10 Top Gujarati Wedding Rituals
Gujaratis form one of the richest communities around the world. Where ever they go, they take their rich and vibrant culture along with them. Meeting a Gujrati will always leave you warm and happy, and their joyful nature is reflected deeply in the festivals they celebrate.
This fondness can be seen in their weddings also. From decorations of the wedding venue to ingeniously designed wedding invitation cards and expensive wedding clothes, one can see a classic blend of modernization with traditional values at every step. Here are some of the typical rituals that are followed in every Gujrati wedding
Chandlo: Approval of the alliance
‘Chandlo' is the application of vermilion mark on the forehead of the bride and groom. It is done to formally approve the relationship by both the families. Usually, the priest officiates the ceremony and blesses the couple. Later, the family members of both the sides give gifts to bride and groom who also exchange garlands at the occasion.
Ganesh Sthapan: Worshipping the Lord Ganesha
Every Indian wedding gives special importance to Lord Ganesha. Families seek His blessings even before the formal preparations begin for the wedding so that everything goes on well. Ganpati is worshipped at wedding venue also to get rid of any obstacle that may come.
Garba : The famous dance of Gujratis
Who can imagine a Gujrati wedding without their typical Garba dance. The importance of Garba can be known from this fact its schedule is even published in the wedding invitation cards. Performed a night before the wedding, it is a joyful way for both the families to know more about each other. One of the most interesting parts of this dance is Raas, when guests have to dance with dadiya sticks in pairs.
Pithi: The ritual for beautification
Pithi is done on morning of the day of wedding. A very common ritual in all the north Indian weddings, Pithi is when bride and groom are cleansed with the turmeric paste (mixed with mustard oil) and is a very auspicious ceremony. According to the Indian Ayurveda, turmeric paste brightens and softens the skin and gives a healthy glow to anyone who rubs it on his or her body.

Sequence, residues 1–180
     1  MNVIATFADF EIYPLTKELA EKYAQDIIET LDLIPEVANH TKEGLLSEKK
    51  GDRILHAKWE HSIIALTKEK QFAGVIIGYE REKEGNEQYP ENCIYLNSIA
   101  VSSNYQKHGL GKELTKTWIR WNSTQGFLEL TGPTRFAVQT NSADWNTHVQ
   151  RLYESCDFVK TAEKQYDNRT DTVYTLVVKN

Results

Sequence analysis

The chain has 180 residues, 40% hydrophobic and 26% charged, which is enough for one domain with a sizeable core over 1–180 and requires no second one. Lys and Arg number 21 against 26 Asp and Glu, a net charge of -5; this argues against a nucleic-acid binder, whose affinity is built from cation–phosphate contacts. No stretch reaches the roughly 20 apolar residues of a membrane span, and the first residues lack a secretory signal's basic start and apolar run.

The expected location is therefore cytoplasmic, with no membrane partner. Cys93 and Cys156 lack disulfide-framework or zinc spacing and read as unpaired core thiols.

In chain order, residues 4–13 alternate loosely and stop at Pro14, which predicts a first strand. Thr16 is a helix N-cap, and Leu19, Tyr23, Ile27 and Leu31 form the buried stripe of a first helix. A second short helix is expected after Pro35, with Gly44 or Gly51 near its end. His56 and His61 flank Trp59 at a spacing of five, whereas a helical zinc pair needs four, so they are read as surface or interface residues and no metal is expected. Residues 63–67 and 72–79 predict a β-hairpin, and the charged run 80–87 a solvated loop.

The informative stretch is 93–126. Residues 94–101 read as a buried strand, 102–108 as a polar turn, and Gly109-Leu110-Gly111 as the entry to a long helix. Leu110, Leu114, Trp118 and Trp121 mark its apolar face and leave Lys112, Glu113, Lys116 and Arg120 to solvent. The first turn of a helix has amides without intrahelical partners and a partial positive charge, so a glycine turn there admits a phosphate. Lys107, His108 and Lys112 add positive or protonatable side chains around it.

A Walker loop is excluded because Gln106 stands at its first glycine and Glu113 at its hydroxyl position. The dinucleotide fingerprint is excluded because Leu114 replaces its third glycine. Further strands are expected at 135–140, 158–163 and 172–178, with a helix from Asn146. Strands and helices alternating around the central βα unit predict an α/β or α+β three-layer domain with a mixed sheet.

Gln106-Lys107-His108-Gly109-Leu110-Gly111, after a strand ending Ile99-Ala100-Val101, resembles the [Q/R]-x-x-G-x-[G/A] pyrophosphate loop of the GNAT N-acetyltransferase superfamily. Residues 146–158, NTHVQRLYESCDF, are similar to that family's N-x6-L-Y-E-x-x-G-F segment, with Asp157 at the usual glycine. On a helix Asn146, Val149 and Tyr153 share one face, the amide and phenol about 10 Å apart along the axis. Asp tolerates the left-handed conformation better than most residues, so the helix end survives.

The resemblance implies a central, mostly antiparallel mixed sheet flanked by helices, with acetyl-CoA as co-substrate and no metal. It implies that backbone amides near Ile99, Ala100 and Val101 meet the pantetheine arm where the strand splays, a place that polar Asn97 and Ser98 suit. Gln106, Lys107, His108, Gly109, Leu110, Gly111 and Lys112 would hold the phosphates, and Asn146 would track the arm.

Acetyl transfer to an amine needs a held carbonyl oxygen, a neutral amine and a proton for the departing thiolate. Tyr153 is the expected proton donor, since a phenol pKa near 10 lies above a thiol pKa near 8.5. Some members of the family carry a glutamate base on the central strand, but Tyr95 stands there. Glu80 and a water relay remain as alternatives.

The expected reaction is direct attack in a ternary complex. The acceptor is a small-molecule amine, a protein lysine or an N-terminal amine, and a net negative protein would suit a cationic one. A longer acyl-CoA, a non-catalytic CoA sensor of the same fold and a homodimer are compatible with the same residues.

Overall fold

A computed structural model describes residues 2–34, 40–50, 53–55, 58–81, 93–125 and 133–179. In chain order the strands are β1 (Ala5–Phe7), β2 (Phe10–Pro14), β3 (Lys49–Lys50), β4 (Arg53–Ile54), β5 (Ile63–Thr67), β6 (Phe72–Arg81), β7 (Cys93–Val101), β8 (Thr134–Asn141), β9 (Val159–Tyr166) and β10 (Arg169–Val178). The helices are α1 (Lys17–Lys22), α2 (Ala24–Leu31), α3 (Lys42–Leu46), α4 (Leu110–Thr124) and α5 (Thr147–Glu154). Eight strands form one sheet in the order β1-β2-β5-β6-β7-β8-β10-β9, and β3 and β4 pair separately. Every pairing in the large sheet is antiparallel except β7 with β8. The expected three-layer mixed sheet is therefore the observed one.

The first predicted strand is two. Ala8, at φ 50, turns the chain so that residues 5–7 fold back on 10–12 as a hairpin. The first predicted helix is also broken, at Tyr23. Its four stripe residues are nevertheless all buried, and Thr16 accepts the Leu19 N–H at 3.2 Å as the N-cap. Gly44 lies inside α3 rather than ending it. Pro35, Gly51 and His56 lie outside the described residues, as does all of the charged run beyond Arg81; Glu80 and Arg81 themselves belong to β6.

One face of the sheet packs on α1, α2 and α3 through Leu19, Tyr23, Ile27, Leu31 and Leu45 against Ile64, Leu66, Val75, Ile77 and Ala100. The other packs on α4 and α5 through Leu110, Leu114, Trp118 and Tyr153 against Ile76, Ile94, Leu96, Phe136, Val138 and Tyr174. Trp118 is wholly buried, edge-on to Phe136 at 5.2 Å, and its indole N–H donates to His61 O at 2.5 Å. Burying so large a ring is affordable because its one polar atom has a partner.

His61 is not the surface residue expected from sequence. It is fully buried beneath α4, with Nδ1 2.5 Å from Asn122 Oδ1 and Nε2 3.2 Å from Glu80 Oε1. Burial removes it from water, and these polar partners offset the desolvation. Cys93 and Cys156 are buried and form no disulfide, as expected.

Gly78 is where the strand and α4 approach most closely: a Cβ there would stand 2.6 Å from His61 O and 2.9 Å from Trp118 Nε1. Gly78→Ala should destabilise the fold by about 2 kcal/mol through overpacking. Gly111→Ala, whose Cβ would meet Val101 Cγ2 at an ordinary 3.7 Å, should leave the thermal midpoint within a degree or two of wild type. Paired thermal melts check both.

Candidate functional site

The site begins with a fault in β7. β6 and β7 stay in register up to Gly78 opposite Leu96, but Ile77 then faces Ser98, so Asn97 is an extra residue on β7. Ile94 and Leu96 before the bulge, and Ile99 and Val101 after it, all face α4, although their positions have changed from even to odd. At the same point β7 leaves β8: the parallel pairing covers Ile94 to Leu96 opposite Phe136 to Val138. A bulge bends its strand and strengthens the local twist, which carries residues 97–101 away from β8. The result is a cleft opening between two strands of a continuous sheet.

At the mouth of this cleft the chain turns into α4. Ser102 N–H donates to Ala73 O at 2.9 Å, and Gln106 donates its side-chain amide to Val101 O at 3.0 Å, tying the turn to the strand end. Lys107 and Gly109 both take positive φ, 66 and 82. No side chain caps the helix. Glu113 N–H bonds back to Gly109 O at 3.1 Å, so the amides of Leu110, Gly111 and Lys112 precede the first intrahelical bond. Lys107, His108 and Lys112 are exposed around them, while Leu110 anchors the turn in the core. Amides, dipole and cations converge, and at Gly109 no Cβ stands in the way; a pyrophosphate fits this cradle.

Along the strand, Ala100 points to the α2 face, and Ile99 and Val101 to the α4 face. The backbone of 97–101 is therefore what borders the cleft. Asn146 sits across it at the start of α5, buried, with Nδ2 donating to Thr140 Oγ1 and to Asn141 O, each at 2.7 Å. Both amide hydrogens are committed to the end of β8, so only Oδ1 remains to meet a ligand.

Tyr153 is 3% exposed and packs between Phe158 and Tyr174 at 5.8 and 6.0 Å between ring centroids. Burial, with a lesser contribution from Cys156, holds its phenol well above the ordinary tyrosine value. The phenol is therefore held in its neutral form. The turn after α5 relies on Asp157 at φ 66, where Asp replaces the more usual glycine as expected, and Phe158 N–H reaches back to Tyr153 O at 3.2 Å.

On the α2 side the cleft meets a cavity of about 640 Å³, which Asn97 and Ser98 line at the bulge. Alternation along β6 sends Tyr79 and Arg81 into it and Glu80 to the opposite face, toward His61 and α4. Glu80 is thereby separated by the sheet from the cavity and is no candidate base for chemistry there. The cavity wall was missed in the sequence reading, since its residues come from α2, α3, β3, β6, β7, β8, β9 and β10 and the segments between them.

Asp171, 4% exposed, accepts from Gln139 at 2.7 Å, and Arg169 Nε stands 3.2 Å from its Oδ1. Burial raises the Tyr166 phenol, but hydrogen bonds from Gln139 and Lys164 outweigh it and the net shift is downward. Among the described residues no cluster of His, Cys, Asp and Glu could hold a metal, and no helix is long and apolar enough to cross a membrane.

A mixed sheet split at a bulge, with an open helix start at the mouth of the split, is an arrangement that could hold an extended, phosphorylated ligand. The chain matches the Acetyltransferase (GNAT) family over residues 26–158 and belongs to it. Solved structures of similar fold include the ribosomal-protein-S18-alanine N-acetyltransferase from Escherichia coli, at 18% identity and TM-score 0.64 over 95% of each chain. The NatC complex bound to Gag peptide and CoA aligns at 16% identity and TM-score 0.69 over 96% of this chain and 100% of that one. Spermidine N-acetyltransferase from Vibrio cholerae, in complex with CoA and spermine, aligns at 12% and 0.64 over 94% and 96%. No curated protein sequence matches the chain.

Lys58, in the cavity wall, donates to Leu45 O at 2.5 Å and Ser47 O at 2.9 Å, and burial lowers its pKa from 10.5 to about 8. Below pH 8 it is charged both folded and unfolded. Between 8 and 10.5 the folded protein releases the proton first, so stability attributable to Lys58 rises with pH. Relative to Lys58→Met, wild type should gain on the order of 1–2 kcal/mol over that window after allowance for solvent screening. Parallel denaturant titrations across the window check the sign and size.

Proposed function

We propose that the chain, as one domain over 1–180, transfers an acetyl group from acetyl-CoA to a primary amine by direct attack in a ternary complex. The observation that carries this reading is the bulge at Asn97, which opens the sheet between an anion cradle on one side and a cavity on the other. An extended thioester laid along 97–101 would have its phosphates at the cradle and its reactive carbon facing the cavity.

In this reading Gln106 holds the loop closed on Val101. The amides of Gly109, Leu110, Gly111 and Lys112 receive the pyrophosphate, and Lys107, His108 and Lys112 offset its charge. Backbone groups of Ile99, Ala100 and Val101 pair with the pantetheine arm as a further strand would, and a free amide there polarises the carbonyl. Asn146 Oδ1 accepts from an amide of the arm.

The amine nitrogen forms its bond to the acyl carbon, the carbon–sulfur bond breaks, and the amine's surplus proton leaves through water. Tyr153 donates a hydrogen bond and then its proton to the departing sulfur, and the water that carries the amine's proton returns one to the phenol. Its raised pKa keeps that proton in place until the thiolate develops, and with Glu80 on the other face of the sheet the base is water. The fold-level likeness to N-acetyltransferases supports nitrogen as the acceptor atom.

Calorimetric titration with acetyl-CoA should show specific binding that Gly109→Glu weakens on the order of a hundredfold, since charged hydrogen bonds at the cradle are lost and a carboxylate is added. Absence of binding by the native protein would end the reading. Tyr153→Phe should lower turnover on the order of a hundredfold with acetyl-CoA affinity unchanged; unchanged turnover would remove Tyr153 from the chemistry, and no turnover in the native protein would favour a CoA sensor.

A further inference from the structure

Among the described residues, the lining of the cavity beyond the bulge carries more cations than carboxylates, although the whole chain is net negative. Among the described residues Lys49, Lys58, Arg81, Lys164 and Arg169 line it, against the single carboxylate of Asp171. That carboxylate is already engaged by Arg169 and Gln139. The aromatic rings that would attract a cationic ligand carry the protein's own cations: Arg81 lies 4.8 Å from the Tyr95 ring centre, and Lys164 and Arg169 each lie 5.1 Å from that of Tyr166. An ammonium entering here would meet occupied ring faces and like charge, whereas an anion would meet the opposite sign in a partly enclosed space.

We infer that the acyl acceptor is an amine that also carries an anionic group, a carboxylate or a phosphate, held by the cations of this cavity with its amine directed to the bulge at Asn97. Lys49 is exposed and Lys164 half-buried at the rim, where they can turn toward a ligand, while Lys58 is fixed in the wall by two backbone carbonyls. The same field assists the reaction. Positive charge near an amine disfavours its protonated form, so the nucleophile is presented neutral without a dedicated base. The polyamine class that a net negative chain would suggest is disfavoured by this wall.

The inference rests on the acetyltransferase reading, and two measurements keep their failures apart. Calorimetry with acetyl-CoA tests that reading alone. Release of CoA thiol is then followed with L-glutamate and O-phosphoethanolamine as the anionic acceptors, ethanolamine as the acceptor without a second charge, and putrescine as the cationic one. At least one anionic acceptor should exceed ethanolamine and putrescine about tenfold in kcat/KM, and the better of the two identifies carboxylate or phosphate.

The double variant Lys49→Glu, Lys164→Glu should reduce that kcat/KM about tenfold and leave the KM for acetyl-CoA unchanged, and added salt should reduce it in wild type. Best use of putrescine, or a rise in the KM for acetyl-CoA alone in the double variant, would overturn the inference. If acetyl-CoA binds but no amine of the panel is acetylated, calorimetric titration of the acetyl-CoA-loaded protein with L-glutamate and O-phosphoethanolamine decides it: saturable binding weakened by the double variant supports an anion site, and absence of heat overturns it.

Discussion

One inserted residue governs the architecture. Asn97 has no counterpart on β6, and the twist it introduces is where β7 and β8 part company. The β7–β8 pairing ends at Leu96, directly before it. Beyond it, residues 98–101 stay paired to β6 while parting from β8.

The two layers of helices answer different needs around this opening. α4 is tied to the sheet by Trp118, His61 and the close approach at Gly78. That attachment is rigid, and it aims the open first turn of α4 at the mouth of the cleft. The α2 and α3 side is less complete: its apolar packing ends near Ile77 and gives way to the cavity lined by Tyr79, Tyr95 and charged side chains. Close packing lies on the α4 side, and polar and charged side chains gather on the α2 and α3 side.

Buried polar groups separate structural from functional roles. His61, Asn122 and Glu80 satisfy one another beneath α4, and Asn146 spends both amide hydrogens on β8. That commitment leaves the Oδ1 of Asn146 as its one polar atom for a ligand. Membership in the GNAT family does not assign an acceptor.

Jaan: Blessings from Mother in law
Jaan is a very interesting ritual is performed to ward off any evil spirit. The groom visits the place where bride and her family are staying for the marriage and touches the feet of mother in law. While he's doing that, she tries to hold his nose and he has to escape from that.
Griha Shanti: For peaceful marriage
Through the pooja, both the families seek the blessings of a peaceful and happy married life for the couple. Performed before the actual wedding, every family member is required to be present at the wedding venue during the course of this pooja.
Mandva Mahurat: Constructing the canopy for the wedding rites at wedding venue
Bearing a deep religious significance, here the parents of bride and groom seek blessings from Mother Earth and ask for the permission to begin digging soil to erect ‘mandap'. A ‘mandap' is the platform erected for the wedding rites.
Mosaalu: Maternal uncle of bride gives her gifts.
This ceremony is observed one day before the wedding at the bride's home. The maternal uncle of bride (mama) brings ‘mosaalu' consisting of wedding clothes, ‘choodo' (red and white colored plastic bangles) and jewelry.
Varghodo: The groom's procession
The bridegroom dressed in wedding clothes and accompanied by his cousins, close friends and other family members proceeds to the wedding venue on a mare or in a decorated car. The groom's sister keeps jingling the 'looni' which is a small steel bowl filled with betel nuts, all throughout the procession to keep him alert about whatever is happening around him. At the wedding venue, bride's family greets groom and his family members through the traditional ‘aarti'.
Lagna: The main wedding ceremony
The Lagna ceremony consists of four other ceremonies including Varmala(when bride and groom put garlands in each other's neck), Mangalastak(singing of verses in praise of Lord Ganesha), Kanyadaan (giving away of the bride) and Hasthamilap (Tying of the marital knot).
With the rise in cost and reduction in availability of time with everyone, the reception ceremony is slowing fading away from the Indian wedding scenario. Given in the honor of the newlyweds, reception is given by the groom's family.
Gujrati weddings are also marked by games that are played within the bride and groom to lighten up the atmosphere. One of such games, Aeki Beki consists of filling a vessel with water and sindoor and the newlyweds are asked to find out a ring from that vessel. Whosoever wins this game is deemed to rule the household.
Labels: Wedding Dresses